Bishop Flunder wasn’t there young Tab would have left, but her wife Mother Shirley Miller was. Their love story has lasted over thirty years. They were open about their love in the highly homophobic gospel music industry, while also doing ministry as an out lesbian couple in the 90s. They toured with Walter Hawkins and The Love Center Choir. Shirley is also Walter’s cousin. Hawkins’ church, The Love Center would come to embrace the Sylvester James at the end of his life and Flunder would serve as his spiritual council. So much Black queer iconic history wrapped up in Hawkins and Flunder’s ministry. (Go watch Sylvester’s Unsung).

When speaking of their love in a 2014 interview, Bishop Flunder states: “You know, one of our church members said the reason why our church has grown so much over the years is not because of our programs. It’s because of our love for each other. Our love has shown people that a great love like this is possible.”

I wholeheartedly echo her sentiment, the love that was evident at her church, through Mother Miller’s words and the many Black queer people present in the sanctuary challenged me to think about love and expand my own desire for it in my life. I left City of Refuge wanting to cry, thinking about all the time I spent never even considering the possibility of having someone(s) continually love me. That somehow, I was taught that being Black and queer meant love was temporary and fleeting- that in the end I would be alone.

That day I learned how much I needed mature and elderly Black queer people in my life. I get so much joy from being around and seeing Black queer families and couples. But I can’t help but feel angry, that I was deprived of these representations and models for much of my life. While I still have no desire to be married, experiences like the one I had at City of Refuge opens me up to love in new ways. It reminds that I can create define partnership and family in affirming ways.

Shirley Miller is 12 years older than Yvette Flunder, their age gap love gives me hope. You know I like em’ older.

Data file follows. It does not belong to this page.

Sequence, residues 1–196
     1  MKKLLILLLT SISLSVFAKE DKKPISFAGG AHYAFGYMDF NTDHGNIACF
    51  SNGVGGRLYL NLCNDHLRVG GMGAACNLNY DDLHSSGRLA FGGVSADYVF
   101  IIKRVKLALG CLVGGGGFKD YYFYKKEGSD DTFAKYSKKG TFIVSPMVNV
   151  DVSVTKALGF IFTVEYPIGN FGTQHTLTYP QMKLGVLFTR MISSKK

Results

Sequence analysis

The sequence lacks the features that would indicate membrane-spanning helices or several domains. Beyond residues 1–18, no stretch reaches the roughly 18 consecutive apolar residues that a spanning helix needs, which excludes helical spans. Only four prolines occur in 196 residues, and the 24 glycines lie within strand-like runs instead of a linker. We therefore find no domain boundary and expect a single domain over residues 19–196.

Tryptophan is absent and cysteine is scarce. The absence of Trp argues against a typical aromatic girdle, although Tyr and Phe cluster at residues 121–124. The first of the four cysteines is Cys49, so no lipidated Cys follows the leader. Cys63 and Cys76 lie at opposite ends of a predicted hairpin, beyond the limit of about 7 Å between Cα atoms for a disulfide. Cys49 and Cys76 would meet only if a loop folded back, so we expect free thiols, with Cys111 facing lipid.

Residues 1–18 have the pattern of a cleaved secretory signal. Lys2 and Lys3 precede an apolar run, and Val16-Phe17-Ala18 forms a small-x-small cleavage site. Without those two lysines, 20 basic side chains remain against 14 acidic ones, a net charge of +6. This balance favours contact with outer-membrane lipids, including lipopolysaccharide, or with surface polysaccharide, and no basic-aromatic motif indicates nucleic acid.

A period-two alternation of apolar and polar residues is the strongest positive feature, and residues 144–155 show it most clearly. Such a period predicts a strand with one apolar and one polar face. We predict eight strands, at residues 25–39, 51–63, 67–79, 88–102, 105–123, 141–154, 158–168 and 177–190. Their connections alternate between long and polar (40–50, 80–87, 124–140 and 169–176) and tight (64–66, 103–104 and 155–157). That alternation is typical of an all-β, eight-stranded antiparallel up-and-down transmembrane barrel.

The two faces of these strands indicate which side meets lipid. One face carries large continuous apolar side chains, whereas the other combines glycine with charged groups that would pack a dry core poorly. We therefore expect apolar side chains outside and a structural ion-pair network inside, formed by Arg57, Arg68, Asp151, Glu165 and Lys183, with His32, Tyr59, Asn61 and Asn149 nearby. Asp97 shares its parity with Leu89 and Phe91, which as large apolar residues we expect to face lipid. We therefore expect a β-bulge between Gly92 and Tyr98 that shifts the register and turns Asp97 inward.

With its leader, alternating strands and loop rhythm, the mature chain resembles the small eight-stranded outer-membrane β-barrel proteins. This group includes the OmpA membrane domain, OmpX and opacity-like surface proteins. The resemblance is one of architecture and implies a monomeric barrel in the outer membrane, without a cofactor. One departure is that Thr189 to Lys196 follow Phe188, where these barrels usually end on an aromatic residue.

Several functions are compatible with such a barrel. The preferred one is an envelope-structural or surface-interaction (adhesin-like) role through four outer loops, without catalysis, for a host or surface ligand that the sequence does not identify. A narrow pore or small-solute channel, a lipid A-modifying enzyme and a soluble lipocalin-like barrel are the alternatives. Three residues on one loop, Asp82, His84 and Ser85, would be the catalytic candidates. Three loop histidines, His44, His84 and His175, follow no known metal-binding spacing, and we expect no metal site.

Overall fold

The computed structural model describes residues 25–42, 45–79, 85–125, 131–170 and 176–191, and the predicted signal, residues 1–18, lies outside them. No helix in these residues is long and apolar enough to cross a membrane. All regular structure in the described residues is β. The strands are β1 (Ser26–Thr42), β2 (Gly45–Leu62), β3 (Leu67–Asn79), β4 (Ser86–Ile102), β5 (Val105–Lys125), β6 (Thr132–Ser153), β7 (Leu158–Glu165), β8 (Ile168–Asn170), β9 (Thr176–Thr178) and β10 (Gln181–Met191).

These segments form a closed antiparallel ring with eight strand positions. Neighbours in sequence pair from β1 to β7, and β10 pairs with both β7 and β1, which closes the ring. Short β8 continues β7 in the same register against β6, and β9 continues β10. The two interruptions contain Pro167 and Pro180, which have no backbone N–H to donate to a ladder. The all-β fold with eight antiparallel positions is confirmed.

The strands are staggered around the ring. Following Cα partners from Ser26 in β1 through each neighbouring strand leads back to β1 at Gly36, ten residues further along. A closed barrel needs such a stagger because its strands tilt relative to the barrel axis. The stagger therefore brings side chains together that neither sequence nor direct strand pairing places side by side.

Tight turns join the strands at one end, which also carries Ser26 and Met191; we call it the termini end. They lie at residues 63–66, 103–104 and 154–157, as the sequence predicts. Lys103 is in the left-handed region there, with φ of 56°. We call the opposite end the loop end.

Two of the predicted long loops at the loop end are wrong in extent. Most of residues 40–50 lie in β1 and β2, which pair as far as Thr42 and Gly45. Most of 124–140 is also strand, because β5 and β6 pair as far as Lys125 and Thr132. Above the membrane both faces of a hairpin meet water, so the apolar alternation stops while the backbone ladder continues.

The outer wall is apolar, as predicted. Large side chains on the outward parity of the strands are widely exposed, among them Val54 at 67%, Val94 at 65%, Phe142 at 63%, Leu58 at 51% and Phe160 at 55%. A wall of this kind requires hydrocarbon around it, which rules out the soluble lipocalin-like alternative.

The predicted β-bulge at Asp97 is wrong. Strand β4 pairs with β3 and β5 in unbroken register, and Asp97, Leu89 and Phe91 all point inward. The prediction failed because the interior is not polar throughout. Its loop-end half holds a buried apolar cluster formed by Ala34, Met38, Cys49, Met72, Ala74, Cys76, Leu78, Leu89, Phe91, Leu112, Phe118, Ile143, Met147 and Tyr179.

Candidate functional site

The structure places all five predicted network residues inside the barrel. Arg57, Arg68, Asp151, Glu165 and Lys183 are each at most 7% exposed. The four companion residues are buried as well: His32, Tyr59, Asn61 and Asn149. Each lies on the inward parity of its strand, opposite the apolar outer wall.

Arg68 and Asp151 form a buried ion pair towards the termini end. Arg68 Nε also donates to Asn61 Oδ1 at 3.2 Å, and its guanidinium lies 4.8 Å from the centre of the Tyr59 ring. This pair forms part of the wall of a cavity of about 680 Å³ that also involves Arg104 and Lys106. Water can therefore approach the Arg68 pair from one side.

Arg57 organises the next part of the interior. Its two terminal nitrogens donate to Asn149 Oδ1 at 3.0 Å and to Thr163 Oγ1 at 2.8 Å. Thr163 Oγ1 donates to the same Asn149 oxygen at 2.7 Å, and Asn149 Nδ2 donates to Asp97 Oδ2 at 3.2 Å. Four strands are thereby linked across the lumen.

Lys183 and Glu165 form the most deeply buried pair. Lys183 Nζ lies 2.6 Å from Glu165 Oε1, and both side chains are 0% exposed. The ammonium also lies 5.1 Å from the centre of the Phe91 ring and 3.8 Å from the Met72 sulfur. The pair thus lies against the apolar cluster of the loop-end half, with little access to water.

~JustTab

 

 

Advertisements
 

Tags: , , , , ,

Mission, Tab-possible.

I have been able to lead a life where I can cultivate the type of people I spend time with and build with. My chosen community consist of queer, radical and open-minded folks. My time in St. Lucia earlier this year had me around more cis-hetero people than I am used to. They were all older and many subscribed to very different politics than me. I can only imagine how they read my queer self throughout our week together. I believe they would say I was idealistic and perhaps naive. This tends to be the reactions folks give you when you believe you can create the world you want to live in and question things they have been taught are facts.

I spent the night of my birthday writing a mission statement for my year and my life. I wanted something that could serve as a guide of who I strive to be and a document for my community and loved one’s to hold me accountable when I fall short or forget.


 

Tab’s Mission Statement

It is Tab’s mission and desire to undergo transformative, radical and sustainable growth.

Transformative in the way that it transforms not only Tab but those around Tab, particularly the communities that Tab is accountable to. This means practicing listening as well as vocalizing the things that Tab has previously been uncomfortable and afraid of saying. This means understanding and recognizing how interconnected we all are. Remembering and cherishing the values we all bring into our communities. Reminding oneself of how much we must learn from others.